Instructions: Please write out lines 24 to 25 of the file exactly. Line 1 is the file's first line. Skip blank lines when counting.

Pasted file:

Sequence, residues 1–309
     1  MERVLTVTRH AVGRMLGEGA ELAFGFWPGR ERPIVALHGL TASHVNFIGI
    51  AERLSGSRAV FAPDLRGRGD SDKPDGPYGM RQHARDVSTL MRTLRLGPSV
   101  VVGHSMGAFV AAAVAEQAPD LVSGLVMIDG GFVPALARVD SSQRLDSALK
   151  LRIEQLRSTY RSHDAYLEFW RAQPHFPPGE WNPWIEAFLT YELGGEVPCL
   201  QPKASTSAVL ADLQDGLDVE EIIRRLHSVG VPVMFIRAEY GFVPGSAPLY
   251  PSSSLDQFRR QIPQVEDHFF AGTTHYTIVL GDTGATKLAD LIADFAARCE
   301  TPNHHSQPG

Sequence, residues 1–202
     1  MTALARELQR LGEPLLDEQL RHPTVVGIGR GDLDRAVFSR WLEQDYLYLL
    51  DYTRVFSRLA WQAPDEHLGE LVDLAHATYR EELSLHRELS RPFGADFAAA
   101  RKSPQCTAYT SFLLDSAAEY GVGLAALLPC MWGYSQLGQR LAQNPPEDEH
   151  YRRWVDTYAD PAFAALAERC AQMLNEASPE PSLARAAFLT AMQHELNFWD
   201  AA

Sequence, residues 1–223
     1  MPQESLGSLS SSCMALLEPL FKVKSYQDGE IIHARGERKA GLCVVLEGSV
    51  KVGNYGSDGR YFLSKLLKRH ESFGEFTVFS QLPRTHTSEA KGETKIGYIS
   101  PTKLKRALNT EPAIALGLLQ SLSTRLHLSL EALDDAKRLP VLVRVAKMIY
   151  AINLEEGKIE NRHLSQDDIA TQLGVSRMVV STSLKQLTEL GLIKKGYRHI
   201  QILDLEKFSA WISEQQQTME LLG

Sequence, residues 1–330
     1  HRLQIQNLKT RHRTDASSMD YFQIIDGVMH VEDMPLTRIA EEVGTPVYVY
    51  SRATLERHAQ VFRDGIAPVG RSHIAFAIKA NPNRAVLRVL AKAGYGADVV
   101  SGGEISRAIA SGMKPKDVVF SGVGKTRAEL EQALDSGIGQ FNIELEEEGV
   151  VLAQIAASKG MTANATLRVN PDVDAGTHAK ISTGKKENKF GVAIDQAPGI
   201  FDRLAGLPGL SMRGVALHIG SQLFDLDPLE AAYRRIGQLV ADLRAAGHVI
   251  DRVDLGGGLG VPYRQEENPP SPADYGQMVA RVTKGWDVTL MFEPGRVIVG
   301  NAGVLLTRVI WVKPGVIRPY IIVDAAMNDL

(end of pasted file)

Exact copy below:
   101  SGGEISRAIA SGMKPKDVVF SGVGKTRAEL EQALDSGIGQ FNIELEEEGV
   151  VLAQIAASKG MTANATLRVN PDVDAGTHAK ISTGKKENKF GVAIDQAPGI